But the number of symptoms was also much higher. That was when you did bicycle. So if you do aerobic types of training and you have this problem, well, then you will probably see much more problems than if you do other types of training. So one step could be to start your training program by doing activities where your body temperature is not increasing that as much as it does on regular aerobic training. So maybe start doing some resistance training activities. And when you get a little bit more familiar with that, our experience is that you also train your whole temperature regulation system, so it gets better. And then can you try to move into aerobic type of training at a later stage? So that’s a little bit of, again, a low-tech solution that can maybe benefit at least some patients.

And then the final thing is that we have now…there is a study from that is performed by Victoria Leavitt group in New York, that has shown some beneficial effects of taking aspirin before training if you have this problem. So there might also be some medical things that can at least reduce the problem to some extent. So there are different ways of going. You can try different types of training. You can use some of these cooling systems or equipment. And then you can also try with medication if that’s a possibility. #00:42:29#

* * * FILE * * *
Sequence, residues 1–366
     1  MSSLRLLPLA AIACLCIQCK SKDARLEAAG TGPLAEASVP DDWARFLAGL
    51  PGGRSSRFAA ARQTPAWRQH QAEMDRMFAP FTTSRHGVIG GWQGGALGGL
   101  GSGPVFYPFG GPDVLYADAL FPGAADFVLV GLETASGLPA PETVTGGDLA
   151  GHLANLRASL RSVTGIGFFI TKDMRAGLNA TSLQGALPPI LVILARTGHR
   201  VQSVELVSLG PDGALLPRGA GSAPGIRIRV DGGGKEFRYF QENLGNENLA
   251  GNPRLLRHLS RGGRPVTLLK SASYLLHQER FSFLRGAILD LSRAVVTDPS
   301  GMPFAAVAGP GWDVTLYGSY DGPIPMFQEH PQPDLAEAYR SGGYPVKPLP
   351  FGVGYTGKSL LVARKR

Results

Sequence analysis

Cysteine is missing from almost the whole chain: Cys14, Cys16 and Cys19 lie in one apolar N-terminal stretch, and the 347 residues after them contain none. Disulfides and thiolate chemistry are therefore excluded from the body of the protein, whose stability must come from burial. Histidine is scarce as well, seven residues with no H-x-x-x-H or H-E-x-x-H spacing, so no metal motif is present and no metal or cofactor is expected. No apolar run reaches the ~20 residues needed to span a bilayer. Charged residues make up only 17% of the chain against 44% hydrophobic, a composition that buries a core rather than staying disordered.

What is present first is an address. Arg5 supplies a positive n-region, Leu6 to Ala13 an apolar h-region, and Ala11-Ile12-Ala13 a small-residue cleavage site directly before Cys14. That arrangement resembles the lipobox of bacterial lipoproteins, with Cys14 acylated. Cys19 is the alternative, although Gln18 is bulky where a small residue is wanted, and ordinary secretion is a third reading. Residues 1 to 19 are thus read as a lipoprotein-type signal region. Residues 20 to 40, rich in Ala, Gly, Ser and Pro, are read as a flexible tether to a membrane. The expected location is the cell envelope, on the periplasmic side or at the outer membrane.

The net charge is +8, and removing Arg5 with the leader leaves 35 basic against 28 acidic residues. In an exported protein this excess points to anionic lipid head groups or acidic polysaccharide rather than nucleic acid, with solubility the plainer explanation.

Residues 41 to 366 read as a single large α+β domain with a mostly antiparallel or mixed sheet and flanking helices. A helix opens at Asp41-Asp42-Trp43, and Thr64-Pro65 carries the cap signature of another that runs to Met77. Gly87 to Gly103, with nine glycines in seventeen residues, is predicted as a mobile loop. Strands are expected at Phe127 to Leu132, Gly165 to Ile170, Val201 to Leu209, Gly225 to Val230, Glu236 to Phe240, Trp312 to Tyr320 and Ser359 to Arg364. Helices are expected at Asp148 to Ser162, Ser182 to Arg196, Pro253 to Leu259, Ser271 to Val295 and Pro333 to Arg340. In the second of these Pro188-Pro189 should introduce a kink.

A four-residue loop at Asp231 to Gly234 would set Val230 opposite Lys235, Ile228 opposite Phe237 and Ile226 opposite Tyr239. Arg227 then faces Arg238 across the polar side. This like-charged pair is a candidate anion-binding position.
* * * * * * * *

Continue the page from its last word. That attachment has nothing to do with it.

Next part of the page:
Nele Handwerker: Okay. Sounds good. I mean, I always use lots of drinking of water and my cooling vest. For example, it’s now 30 degrees Celsius here in Dresden. And when I go by bike to my parents with my little one on the back of the bike, I have my cooling Vest, and I make a lot of pauses for drinking water. So it helps already quite a bit. #00:42:51#